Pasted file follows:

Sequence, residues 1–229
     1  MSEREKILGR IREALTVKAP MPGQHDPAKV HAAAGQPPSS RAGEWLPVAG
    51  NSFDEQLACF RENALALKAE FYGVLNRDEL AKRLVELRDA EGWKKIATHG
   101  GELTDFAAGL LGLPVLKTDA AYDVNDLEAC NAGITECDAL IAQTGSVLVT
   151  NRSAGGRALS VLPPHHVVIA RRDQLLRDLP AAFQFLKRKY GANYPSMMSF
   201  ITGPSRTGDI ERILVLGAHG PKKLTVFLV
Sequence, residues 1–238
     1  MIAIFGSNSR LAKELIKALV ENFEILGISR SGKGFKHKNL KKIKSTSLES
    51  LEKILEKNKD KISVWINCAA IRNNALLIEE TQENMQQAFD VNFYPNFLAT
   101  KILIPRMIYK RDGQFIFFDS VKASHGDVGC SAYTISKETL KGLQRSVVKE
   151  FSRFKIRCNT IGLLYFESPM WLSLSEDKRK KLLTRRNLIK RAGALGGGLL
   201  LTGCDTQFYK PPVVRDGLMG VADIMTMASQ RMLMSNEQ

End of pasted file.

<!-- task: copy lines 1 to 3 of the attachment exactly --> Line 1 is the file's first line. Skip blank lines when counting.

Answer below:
Sequence, residues 1–229
     1  MSEREKILGR IREALTVKAP MPGQHDPAKV HAAAGQPPSS RAGEWLPVAG
    51  NSFDEQLACF RENALALKAE FYGVLNRDEL AKRLVELRDA EGWKKIATHG